As a writing instructor, too, I have been using one of the most instructive tenets of yoga, “finding freedom within the form,” as a way to teach my students how to find their voices as writers while composing formulaic papers. Not surprisingly then, I do believe that practicing yoga can help us become better writers who are mindful of intentions, goals, choices, as well as the writing process.
To say the least, it was painful to write this post. I didn’t quite know what to say on finding the good in goodbye. And I still don’t. I’m still not sure what to make of the good in goodbye. Instead, I find the wonderful poet Mary Oliver’s words comforting.
Minae is able to move beyond all the ideologies, illusions, and the pressure to belong, which, after twenty-years liberates her. The original version of An I-Novel, published in 1995, mixes Japanese and English seamlessly, creating a literary work that reflects its narrator’s desire to find her true self. Like the novel we hold in our hands, Minae is audacious and multifaceted, and she does not fit into a box.
The idea of writing every single day seems to be the recipe for most successful writers. After all, consistent practice is indispensable when it comes to improving writing skills. The key here is to create a ritual that allows you to stay motivated and to sustain your writing practice.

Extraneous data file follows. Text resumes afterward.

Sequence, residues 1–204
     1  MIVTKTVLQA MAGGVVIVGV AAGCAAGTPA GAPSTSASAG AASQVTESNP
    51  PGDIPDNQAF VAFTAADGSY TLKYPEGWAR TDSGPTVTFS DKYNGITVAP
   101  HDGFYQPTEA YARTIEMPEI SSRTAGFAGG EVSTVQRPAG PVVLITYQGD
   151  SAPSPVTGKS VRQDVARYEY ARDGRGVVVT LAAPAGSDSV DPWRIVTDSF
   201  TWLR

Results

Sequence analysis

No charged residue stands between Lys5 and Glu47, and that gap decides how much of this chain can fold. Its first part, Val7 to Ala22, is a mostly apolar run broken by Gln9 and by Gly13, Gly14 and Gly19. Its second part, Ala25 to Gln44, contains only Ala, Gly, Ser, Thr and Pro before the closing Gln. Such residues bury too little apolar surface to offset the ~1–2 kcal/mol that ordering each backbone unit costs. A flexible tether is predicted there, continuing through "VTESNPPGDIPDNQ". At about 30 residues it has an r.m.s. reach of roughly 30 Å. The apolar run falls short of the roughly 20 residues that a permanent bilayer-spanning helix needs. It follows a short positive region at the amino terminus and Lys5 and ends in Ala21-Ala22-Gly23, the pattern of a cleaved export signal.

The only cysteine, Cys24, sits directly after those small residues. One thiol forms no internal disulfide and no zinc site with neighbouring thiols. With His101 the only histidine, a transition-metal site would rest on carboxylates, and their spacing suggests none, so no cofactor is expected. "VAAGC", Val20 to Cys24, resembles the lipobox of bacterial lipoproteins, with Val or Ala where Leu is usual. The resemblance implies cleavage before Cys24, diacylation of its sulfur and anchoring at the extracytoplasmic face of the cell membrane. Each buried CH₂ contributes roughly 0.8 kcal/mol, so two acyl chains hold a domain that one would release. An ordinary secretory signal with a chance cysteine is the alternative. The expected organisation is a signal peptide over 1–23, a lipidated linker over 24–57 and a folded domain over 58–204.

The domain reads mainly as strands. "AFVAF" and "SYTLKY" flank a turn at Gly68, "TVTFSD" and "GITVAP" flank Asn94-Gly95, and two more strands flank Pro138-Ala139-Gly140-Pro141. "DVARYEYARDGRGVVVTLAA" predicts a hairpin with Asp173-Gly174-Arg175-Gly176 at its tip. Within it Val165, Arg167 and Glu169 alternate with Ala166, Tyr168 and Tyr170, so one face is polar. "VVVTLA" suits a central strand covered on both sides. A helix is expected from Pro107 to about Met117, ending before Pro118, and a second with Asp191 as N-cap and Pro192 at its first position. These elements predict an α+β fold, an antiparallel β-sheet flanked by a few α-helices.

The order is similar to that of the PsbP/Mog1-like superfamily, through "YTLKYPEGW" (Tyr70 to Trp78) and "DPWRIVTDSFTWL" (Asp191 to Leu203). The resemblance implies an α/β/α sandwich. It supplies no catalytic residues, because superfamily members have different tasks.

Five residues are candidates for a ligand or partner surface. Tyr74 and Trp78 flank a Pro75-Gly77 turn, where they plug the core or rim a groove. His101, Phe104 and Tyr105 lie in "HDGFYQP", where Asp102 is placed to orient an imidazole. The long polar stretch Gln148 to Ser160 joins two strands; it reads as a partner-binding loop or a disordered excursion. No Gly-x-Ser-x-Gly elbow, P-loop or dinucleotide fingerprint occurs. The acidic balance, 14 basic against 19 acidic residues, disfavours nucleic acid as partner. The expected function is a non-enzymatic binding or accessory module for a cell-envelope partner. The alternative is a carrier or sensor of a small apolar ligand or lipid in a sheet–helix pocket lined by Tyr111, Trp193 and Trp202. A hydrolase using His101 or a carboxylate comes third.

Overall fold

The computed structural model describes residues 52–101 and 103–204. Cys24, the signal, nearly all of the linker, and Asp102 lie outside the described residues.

As I move on to a new month, I also remember all the things that brought some sunshine to my days such as my brilliant students, my cats, family/friends who were there for me when I needed them, and of course, the interesting books and posts that I got to read in the past two months.
Gautier adored cats so much that he penned a book entitled ‘Ménagerie intime’ (1869) where he meditated on the cats he’d owned –excuse me, that owned him– through his life.
Meditating on why you are writing in the first place takes you one step closer to your goal of writing better. Shifting your perspective from I have to to I want to because… can help you to write with a purpose, to find your voice as a writer, and to focus better.
To Longfellow, Fall means change, wisdom, an end and a beginning. A contradiction. Fall, he suggests, is a poignant reminder of our mortality.